Defendant cites no authority and research reveals none supporting defendant's position that upon a request for the necessary forms to apply for long term disability benefits, a plan administrator need only reply with a letter stating reasons supporting the applicant's ineligibility. A law or decision allowing such deviation from the dissemination of information mandated under this law would appear severely inimical to the disability application process.

Finally, defendant submits that plaintiff's claims for personal injury involve *63 injuries which arose out of, and in the course of, his employment and are therefore barred by the exclusivity provision of the Workers' Compensation Act. Mass. Gen.Laws ch. 152, § 24. It appears well settled that claims for personal injury including emotional distress resulting from employment termination, wrongful or otherwise, are precluded by this exclusivity provision. Foley v. Polaroid Corp., 381 Mass. 545, 548-52, 413 N.E.2d 711, 714-15 (1980);[3]Tenedios v. Wm. Filene's Sons Company, Inc., 20 Mass.App. 252, 255, 479 N.E.2d 723, 726 (1985); Bertrand v. Quincy Market Cold Storage & Warehouse, 728 F.2d 568, 572 (1st Cir.1984). For this reason, plaintiff's claims for physical and emotional injury in Counts I and II shall be dismissed. But see, footnote 2, supra.


For all of the foregoing reasons, the Court shall ALLOW in part, and DENY in part, defendant's motion to dismiss. Count III is dismissed in its entirety, whereas Counts I and II are dismissed only insofar as they allege personal injury claims barred by the Workers' Compensation Act in the manner described above. In all other respects, Counts I, II, IV and V shall remain intact.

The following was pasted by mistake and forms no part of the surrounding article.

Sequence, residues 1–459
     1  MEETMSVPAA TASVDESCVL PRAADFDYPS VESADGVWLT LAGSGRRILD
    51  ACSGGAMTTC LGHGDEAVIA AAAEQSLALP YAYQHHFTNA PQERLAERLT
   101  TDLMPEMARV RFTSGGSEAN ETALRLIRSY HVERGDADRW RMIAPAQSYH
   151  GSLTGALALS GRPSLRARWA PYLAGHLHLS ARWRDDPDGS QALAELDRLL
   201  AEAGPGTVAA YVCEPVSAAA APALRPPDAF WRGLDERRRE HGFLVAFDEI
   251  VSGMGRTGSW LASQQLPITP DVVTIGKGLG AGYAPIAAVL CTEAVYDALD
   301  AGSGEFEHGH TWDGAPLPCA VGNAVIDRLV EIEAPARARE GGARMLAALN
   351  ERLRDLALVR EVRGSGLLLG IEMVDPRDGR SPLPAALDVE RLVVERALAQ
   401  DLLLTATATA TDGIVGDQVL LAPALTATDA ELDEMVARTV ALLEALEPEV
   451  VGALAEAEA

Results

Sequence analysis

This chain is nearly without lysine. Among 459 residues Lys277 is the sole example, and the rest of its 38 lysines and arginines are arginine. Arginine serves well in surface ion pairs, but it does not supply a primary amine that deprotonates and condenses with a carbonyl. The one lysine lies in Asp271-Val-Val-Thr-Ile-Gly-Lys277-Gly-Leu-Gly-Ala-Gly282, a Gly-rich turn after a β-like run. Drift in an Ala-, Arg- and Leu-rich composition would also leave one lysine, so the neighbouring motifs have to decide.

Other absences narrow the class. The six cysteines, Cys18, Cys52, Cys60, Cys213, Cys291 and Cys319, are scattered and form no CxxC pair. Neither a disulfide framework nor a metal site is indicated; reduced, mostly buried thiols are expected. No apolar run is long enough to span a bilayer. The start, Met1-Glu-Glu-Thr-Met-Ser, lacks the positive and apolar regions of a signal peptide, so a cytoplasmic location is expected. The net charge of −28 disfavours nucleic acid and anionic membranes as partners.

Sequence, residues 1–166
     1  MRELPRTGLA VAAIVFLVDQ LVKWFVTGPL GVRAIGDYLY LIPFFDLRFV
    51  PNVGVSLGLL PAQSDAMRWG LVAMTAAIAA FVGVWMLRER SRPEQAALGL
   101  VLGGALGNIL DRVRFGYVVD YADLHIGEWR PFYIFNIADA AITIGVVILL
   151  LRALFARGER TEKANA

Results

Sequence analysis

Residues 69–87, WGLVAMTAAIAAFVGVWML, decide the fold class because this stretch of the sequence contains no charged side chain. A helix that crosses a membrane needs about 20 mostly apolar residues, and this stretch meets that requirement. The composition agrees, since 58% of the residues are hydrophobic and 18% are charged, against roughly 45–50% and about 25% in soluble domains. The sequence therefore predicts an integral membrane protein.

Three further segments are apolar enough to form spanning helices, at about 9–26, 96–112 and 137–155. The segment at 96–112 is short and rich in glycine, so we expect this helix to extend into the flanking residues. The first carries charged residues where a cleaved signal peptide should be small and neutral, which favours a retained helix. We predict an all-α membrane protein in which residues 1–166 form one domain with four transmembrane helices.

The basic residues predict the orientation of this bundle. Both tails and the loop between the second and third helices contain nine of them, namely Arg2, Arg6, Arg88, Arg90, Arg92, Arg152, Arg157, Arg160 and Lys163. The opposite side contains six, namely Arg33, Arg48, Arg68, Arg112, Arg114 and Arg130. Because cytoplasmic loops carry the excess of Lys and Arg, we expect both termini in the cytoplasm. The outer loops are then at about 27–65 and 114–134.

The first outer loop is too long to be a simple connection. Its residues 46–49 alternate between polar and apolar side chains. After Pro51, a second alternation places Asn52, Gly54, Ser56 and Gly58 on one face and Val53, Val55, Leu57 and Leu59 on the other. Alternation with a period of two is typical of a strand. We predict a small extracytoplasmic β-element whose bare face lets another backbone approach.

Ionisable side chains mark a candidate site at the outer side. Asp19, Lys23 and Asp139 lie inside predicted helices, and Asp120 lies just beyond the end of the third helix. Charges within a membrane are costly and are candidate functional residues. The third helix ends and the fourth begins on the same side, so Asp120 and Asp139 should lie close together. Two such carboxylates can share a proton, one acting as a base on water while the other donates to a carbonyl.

It is So Ordered.


[1] In recognition of the amendment to the removal statute with the addition of 28 U.S.C. § 1441(e) as plaintiff pointed out in his memorandum in opposition to defendant's motion to dismiss, defendant has dropped the portion of the motion to dismiss regarding the Court's lack of subject matter jurisdiction over Count V.

[2] The Court points out that the relevant statute concerning the plan administrator's requirement to supply requested information does allow the Court to "order such other relief as it deems proper." 29 U.S.C. § 1132(c) (1). Upon submission of evidence the Court shall consider this language and its implications for recovery of a nature similar to that aimed at with Count III. Also, damages for emotional distress are recoverable under 29 U.S.C. § 1109. Russell, 722 F.2d at 490.

[3] Bearing on Count IV, Foley also recognized that "alleged violation of the employee's civil rights is not a `personal injury arising out of and in the course of ... employment' which would be compensable under the act." 413 N.E.2d at 716. For this reason, the claim for this type injury in this Count shall stand.